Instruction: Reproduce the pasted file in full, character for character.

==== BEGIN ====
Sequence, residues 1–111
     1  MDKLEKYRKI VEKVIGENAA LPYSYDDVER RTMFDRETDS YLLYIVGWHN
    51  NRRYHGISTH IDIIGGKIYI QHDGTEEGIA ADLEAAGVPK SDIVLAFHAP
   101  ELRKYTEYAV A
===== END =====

Sequence, residues 1–111
     1  MDKLEKYRKI VEKVIGENAA LPYSYDDVER RTMFDRETDS YLLYIVGWHN
    51  NRRYHGISTH IDIIGGKIYI QHDGTEEGIA ADLEAAGVPK SDIVLAFHAP
   101  ELRKYTEYAV A